"This Child is set for the fall, and for the resurrection of many in Israel, and for a sign which shall be contradicted." "And thy own soul a sword shall pierce." Our Blessed Lady entered the Temple in radiant happiness. She left it in sorrow and in grief. She had given up her Child into the arms of Simeon, full of love and gratitude; she received Him back with an aching heart. It grieved the kindly old Simeon to tell her of the dolorous future which confronted, her, of the sorrow which would come upon her, of the severe ordeal through which she would have to pass to testify to an incredulous world her love for Jesus Christ, her Son; her resignation to God’s Holy Will and her ardent love for the children of earth. She was so blessed in her wondrous Motherhood; so far removed from sin and suffering. But this beautiful Babe was to become the "Man of Sorrows" one day; He was to become a stumbling-block, a scandal, to His own people and to the world at large; and His Mother must know of it, must be prepared to suffer with Him and for Him; must share His anguish and His woe. "Thy own soul a sword shall pierce." Fain would Simeon have spared Mary this knowledge; but the word of God must be spoken. Mary’s share in the suffering of her Son must be brought before her with all its sacrifice.

Our Blessed Lady’s sorrows began at the very moment the Incarnation was accomplished; but with the delicacy which characterized her in all her sufferings, Mary kept these to herself. Now, at the word of Simeon, they were publicly announced to her in the Temple of God; the veil which partially hid the future was raised, and she became conscious of all she would have to bear. "He will crown thee with a crown of tribulation," (Isaias xxii. 18).

Would Our Lady rather have known of her life of sorrow, or would she rather have been left in ignorance of what was to come upon her? Would she, as the mother of the "Man of Sorrows," wish to suffer for His sake {right from the beginning of His earthly life, or would she rather be spared much of His pain and suffering, and enter into it only in the last scenes of His public life? Ah, who can doubt? As a human being Mary, like everyone else, shrank from suffering, even as her Divine Son did in the Garden of Olives; but she understood better now, perhaps, what it meant to be the Mother of the Incarnate Son of God. To be the Mother of God was to partake of the life of sacrifice of Him who had not whereon to lay His Head. From her veins that Blood was drawn which was destined to flow on Calvary. It was a wonderful privilege to be the Mother of Bethlehem’s Babe; it was a far greater, far more wonderful privilege to be the Mother of Calvary’s crucified Christ.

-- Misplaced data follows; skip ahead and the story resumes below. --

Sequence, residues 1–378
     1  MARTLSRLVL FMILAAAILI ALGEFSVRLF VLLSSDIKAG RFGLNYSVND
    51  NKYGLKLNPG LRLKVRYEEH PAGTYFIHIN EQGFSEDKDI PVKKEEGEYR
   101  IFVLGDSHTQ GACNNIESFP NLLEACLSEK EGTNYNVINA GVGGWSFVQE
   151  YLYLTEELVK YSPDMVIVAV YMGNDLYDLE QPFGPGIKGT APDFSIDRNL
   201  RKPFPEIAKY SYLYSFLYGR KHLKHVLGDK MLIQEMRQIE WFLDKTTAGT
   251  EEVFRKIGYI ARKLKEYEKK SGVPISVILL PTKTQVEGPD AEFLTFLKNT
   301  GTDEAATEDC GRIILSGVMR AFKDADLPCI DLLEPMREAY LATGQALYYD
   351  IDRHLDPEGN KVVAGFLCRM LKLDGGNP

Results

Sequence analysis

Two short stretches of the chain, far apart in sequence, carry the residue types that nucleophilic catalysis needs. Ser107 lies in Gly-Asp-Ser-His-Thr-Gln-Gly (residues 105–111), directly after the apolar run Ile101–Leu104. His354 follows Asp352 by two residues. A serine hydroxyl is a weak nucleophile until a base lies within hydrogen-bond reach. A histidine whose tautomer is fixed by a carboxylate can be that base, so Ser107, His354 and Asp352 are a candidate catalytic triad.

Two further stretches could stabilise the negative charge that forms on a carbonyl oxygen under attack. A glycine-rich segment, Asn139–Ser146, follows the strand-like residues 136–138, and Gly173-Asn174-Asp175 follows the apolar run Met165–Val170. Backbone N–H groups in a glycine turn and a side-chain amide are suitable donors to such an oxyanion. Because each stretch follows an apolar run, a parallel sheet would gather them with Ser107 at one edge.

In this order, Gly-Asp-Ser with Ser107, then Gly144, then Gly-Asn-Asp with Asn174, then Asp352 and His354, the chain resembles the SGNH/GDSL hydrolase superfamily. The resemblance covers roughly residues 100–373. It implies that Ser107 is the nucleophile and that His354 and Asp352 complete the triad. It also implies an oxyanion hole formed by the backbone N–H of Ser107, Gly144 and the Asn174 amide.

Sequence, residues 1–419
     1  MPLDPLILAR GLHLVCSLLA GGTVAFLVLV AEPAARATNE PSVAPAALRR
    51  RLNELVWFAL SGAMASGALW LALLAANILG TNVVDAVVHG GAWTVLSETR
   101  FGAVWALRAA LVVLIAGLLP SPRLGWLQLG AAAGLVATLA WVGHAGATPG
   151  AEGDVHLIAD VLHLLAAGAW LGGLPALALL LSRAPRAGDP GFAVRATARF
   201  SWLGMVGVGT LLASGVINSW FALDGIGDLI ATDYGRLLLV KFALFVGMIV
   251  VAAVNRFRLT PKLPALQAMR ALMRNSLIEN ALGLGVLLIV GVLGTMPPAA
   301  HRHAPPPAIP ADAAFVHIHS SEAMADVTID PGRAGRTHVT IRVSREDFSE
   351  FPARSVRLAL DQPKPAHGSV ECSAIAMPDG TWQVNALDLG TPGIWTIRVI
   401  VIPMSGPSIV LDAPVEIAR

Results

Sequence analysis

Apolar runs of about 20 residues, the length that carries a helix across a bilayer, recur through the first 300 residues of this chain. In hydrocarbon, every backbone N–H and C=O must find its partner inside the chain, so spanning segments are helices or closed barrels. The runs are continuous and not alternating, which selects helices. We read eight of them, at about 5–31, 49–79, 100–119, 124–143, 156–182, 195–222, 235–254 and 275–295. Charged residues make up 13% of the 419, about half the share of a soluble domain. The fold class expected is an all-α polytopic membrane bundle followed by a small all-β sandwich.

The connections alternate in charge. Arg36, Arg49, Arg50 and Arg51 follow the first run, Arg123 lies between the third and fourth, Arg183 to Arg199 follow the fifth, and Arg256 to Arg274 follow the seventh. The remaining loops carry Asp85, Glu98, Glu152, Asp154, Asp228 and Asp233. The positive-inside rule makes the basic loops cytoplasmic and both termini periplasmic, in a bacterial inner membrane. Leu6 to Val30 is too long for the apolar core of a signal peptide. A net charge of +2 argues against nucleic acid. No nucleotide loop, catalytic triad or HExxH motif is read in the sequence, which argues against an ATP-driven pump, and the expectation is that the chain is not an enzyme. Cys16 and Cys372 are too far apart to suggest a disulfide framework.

Knowing the sorrow which must come upon her through her Child, she loved Him the more even as human love becomes more exalted, more beautiful, when sanctified by suffering. And who can measure Mary’s sorrow from the first moment she heard Simeon’s words? Her own life became a moving Calvary; and she understood from then that in every moment of her Son’s life He was nearing His Calvary; that she had brought Him into the world for that purpose that was why the mystery of the Incarnation had been wrought in her; that as she watched over Him with loving care and supplied His material needs, she was but nurturing Him to be the "Man of Sorrows"; that this little Child, resting so peacefully in her arms now, would, one day, be placed there again as the crucified Saviour of the world.

And yet there was not a word or a murmur from Mary as she heard Simeon’s prophecy. Perfect in her love for her Child, she was perfect in her submission to Him. Her will was to do His Will; and since His Will was to suffer for the sins of men, Mary's will was to suffer too. She accepted in loving resignation all the pain which was to come upon her through Him. She did not question it; but opened her heart to sorrow and suffering when she heard Simeon’s words, desiring no life apart from Him who was her Child, her Saviour, and her God. "In the head of the book it was written of me that I should do Thy Will; O my God I have desired it, and Thy law in the midst of my heart" (Psalm xxxix. 8-9).